ALEXANDRIA, Va. - It's been used by people for thousands of years for recreation and commerce, but not lately. The massive construction of the Woodrow Wilson Bridge has made access to Jones Point in Alexandria a bit difficult.
Work is now under way on restoring the 65-acre national park on Jones Point, which had been a popular place in the community for decades.
Jonathan Jacobson, executive project manager for the Woodrow Wilson Bridge Project, says the $12 million restoration is the last of the 22 contracts associated with the bridge construction.
"We are keeping access to parts of the park during construction for the neighborhood," says Jacobson.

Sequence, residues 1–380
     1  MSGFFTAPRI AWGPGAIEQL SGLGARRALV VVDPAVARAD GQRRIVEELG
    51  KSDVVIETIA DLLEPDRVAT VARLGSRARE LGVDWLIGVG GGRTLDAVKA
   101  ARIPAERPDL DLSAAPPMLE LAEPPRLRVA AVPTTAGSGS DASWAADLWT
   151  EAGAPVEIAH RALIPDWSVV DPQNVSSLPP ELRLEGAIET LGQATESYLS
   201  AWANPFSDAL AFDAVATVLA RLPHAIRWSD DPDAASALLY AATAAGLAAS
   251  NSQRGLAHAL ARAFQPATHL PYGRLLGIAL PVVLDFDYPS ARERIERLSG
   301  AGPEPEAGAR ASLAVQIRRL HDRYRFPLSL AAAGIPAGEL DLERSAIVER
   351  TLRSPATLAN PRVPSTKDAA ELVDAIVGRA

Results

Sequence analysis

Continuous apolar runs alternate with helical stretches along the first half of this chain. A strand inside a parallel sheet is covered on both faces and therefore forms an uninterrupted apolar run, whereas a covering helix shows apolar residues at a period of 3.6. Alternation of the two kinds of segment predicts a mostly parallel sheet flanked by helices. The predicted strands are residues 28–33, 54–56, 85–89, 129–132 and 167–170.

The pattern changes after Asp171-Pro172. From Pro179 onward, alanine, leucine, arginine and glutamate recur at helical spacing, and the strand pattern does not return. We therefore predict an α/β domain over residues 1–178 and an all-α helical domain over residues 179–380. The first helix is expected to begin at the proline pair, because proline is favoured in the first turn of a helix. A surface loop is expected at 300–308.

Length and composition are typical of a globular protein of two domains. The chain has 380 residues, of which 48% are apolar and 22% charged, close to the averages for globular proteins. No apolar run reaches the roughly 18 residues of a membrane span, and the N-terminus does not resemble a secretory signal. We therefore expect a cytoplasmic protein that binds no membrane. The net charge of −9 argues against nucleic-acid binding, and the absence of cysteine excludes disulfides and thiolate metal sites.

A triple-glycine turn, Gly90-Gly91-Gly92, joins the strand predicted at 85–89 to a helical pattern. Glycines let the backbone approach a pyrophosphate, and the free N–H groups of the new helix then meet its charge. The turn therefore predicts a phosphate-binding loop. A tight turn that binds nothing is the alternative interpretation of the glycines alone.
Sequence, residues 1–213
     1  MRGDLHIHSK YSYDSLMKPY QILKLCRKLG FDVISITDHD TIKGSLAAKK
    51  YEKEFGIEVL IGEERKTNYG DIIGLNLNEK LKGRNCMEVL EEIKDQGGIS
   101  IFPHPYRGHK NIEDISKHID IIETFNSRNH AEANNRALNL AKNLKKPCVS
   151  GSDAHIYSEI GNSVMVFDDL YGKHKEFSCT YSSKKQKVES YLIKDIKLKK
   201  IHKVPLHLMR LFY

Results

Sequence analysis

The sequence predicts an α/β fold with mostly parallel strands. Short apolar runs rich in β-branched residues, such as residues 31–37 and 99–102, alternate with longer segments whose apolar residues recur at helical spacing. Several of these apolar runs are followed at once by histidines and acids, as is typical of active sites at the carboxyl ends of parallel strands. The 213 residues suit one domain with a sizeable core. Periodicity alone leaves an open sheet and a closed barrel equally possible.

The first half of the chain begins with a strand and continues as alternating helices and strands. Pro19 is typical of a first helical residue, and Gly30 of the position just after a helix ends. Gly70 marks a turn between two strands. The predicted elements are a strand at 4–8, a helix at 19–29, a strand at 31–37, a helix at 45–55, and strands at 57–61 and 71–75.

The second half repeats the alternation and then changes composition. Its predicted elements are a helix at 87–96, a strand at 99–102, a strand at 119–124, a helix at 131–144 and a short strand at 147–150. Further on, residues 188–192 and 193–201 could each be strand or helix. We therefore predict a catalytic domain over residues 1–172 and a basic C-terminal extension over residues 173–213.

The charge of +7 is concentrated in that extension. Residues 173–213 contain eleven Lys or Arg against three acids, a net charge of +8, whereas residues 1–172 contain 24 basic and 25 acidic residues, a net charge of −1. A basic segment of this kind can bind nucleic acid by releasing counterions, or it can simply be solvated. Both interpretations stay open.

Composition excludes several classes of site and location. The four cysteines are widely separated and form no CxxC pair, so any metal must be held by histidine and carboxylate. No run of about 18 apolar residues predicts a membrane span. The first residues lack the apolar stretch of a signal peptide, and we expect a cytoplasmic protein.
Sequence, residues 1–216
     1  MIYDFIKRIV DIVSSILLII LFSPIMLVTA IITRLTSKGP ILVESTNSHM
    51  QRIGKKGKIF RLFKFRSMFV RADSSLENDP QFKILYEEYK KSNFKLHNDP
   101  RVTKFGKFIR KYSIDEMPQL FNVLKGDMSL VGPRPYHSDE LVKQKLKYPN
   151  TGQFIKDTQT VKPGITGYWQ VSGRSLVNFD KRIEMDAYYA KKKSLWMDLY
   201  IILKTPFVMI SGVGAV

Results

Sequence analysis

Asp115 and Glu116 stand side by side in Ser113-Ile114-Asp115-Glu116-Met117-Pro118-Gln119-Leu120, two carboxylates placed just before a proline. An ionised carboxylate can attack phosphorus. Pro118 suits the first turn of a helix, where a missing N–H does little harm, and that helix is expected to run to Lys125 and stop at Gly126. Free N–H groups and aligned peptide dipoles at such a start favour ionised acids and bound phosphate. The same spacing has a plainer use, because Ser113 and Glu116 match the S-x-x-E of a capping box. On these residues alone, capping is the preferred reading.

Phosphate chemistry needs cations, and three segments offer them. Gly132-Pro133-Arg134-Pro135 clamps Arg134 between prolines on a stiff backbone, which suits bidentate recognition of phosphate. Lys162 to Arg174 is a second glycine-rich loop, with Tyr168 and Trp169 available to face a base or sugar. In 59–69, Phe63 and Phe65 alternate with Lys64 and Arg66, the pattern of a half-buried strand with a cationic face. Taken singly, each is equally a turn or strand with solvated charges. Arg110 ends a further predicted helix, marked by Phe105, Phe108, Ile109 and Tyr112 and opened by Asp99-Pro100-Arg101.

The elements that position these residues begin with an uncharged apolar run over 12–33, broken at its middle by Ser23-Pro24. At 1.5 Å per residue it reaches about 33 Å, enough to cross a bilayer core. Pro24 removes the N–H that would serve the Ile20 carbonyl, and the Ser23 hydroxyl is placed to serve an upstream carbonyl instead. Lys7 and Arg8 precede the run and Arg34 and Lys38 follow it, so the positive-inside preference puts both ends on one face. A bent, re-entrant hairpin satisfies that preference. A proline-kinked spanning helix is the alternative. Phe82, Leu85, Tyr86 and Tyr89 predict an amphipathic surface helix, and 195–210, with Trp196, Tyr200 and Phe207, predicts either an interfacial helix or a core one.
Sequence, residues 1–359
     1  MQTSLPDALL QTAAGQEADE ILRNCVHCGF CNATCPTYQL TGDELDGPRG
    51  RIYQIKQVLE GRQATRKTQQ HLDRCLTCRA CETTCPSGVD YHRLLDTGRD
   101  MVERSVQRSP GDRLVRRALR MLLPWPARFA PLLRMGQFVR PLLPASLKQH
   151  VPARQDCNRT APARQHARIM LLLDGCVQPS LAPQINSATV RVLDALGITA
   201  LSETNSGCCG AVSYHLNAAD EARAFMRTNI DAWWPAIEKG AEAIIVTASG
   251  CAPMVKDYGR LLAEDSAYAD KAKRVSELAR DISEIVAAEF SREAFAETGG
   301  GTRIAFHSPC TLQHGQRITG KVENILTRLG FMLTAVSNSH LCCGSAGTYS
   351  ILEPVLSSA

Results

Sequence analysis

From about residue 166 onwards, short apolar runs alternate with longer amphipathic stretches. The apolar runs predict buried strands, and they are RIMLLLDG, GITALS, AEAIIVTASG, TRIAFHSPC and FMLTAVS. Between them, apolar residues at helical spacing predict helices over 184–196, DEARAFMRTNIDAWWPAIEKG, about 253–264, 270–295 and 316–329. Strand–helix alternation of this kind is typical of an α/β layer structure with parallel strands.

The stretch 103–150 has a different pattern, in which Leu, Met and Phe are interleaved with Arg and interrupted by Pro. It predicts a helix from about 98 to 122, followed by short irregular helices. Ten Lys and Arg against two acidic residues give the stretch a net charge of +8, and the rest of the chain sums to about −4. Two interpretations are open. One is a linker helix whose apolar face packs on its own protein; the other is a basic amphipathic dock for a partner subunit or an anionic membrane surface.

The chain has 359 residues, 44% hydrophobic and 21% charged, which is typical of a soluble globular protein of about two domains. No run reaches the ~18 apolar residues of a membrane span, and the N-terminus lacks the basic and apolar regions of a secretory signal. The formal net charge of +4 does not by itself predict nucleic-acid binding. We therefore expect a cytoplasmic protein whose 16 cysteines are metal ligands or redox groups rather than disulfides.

That work will include stabilization of the old Virginia shipbuilding company finishing pier that was falling into the river and an upgrade to a lighthouse that dates back to 1841.
"The Mount Vernon Trail goes through the park eventually, but right now we have to detour it onto city streets," says Jacobson.
The park will also get new ball fields and playgrounds, and more parking and restrooms. Some wetlands will also be restored. The work is supposed to be completed by the end of 2012.
The site has been used continuously for residences, business, and maritime operations. During both the American Revolution and the Civil War, Jones Point included a small fort to protect Alexandria from attack. Archeological evidence recovered in the park indicates activity by humans there as far back as 7900 B.C.
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